Many young men are hooked on the lectures of the Canadian psychologist and professor of the University of Toronto, Dr. Jordan Peterson. A favorite meme associated with him is “Clean your room!” This pithy command encapsulates the idea that, though your life is a mess, you can start organizing the small things. By bringing order to the small things, you can eventually start branching out into larger things. By bringing order to the things around you, you can bring meaning to your life.
An American traditionalist like me is very happy to see that Peterson’s philosophy receives the attention it rightly deserves. But, as a patriot, I’d like to point out that America had its own Jordan Peterson: Peterson’s philosophy has a living portrait in the life and words of Booker T. Washington, a famous black educator and founder of the Tuskegee Institute in Alabama. Peterson can explicate his philosophy of living with brilliant Jungian archetypes and examples from political thought and history. Washington came to much of the same philosophy of living through his life experiences.
Booker Taliaferro Washington began life as a slave. While still a boy, emancipation came in 1865. Though surrounded by the miserable conditions of the postbellum South, emancipation unleashed the pent up intellectual and economic drives of the black race. The strong desire among blacks to receive an education led to literacy rates skyrocketing from twenty percent in 1870 to seventy percent in 1910–a three and a half fold increase in about two generations! At the same time, many black students received a Classical education, which meant that they could read and write Latin and Greek.
Booker T. Washington also felt an impetus for education and combined it with a personal philosophy of order and refinement. In his autobiography, Up from Slavery, he recounts how his bosses and teachers inculcated a love of cleanliness and order within him. He paid great attention to the orderliness of his surroundings and personal cleanliness. These character traits helped him enroll in Virginia’s Hampton Institute, because Washington convinced the teachers that he could help pay his way by working as a janitor. After graduating, he inculcated the same love of orderliness and cleanliness in his students:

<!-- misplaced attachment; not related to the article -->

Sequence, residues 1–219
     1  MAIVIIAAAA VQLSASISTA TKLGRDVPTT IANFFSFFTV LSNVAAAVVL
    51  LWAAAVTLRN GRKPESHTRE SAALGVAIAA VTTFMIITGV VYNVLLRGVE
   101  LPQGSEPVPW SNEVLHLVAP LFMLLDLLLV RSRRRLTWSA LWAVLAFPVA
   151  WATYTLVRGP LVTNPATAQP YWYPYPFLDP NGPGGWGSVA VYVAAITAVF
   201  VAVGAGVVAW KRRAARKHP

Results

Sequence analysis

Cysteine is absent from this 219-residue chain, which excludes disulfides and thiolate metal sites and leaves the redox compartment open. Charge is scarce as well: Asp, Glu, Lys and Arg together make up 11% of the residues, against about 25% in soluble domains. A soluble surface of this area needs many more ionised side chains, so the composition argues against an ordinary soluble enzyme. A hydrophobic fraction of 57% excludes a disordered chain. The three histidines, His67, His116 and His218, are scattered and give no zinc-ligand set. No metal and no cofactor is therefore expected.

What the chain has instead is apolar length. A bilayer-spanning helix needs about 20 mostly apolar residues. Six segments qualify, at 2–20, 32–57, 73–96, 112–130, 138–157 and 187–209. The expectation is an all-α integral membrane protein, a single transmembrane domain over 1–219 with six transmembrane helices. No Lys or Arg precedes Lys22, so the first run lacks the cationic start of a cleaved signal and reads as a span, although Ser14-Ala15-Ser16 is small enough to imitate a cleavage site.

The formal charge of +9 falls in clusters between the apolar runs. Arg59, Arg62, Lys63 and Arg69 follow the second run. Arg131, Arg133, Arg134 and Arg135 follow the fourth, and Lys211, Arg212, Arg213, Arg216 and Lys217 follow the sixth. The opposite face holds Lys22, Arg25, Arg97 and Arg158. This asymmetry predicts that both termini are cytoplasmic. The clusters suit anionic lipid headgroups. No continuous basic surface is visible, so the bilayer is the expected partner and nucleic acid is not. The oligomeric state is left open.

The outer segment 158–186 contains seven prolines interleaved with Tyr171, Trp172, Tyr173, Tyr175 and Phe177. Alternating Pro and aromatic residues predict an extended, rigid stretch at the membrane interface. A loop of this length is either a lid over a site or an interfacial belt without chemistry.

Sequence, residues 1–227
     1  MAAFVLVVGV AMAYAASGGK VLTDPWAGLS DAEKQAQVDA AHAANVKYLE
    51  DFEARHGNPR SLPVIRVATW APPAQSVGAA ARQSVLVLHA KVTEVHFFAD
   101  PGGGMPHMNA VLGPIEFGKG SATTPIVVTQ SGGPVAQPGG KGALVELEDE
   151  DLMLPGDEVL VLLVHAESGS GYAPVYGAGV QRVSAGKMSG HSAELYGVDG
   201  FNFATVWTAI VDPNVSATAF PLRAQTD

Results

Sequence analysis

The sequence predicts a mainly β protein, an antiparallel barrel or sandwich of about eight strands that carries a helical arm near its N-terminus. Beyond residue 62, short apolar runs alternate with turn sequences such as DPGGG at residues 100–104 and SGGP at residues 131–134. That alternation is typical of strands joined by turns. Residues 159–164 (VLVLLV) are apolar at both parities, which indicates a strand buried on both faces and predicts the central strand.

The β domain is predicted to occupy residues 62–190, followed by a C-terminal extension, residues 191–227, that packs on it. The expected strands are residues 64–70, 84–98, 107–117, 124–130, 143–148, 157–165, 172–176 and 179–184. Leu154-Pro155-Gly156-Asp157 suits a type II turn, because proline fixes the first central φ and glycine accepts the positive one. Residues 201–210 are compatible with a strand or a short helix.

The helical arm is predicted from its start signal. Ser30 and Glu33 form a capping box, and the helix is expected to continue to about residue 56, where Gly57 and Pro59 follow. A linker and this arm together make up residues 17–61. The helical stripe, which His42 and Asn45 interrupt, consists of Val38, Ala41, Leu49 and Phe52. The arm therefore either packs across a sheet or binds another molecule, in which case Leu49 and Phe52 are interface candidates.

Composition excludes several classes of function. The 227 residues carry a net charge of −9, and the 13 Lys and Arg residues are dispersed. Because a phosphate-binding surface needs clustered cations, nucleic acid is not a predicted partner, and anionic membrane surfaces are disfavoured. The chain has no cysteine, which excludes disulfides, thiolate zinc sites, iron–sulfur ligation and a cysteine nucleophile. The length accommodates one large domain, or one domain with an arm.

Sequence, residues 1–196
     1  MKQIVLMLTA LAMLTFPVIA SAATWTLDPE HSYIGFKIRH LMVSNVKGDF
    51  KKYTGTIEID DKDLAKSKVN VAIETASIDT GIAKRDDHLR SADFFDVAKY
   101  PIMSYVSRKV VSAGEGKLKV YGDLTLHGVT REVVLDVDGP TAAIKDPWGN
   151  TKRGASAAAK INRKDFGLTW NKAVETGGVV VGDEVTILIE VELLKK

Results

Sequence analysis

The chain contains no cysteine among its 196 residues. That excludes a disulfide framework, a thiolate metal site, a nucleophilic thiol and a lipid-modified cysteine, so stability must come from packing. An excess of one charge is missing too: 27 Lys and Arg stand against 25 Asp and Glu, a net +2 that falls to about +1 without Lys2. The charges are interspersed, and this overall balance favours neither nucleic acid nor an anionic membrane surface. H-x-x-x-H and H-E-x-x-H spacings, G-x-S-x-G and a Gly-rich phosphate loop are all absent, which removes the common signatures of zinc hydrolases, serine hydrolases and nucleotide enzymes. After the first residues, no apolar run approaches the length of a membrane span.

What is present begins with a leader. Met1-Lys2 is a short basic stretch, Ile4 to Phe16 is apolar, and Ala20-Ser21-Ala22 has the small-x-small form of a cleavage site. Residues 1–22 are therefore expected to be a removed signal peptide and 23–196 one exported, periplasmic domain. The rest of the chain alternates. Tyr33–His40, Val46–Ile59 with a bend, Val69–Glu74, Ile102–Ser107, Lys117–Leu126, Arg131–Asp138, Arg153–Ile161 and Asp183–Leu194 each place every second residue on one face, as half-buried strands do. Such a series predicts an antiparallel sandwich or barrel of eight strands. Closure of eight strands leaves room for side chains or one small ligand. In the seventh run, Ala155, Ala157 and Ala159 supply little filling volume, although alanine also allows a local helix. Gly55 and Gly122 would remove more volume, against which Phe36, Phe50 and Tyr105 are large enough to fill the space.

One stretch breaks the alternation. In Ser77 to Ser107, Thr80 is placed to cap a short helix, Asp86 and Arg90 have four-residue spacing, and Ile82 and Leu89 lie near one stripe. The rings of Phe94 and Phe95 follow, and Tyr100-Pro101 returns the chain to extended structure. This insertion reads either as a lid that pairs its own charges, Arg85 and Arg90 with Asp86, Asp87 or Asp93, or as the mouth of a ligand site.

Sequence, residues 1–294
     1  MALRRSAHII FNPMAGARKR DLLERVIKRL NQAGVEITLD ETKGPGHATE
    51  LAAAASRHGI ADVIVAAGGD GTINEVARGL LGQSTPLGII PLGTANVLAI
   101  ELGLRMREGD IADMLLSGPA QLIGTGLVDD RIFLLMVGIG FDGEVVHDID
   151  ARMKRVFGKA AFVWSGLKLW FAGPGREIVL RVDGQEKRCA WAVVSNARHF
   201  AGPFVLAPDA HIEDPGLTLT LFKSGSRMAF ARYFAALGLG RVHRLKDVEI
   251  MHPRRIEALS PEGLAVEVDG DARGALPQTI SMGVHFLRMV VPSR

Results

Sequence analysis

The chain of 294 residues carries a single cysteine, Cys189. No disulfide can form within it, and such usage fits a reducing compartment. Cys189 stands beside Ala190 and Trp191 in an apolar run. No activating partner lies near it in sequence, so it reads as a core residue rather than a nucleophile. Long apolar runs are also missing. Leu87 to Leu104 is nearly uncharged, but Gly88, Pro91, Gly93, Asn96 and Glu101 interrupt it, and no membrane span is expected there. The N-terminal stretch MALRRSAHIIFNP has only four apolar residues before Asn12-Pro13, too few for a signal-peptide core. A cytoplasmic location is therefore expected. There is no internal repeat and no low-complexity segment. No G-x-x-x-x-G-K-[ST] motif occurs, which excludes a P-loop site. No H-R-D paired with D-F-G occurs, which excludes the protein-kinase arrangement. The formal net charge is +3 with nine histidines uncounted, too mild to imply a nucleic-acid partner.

In addition to the usual routine of teaching, I taught the pupils to comb their hair, and to keep their hands and faces clean, as well as their clothing. I gave special attention to teaching them the proper use of the tooth-brush and the bath. In all my teaching I have watched carefully the influence of the tooth-brush, and I am convinced that there are few single agencies of civilization that are more far-reaching.
–Up from Slavery: p. 55
The roots of Washington’s success came from paying attention to the small things. By putting the small things in order, he could complete greater projects. If something was dirty, he cleaned it; if something was broken, he fixed it; if he had not understood a lesson, he studied at it until he mastered it.